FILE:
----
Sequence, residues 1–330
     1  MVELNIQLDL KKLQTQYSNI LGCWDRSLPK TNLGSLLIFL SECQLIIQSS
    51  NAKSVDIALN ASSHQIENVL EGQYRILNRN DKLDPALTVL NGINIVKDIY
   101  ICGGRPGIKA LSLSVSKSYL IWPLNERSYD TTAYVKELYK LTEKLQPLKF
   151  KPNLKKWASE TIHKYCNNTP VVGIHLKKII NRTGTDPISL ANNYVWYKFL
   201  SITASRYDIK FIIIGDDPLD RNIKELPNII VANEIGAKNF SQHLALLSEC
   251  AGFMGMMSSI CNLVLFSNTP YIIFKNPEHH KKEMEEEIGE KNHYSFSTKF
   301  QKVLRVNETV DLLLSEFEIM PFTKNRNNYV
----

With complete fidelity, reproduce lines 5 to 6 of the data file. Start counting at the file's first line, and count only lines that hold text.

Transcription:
   151  KPNLKKWASE TIHKYCNNTP VVGIHLKKII NRTGTDPISL ANNYVWYKFL
   201  SITASRYDIK FIIIGDDPLD RNIKELPNII VANEIGAKNF SQHLALLSEC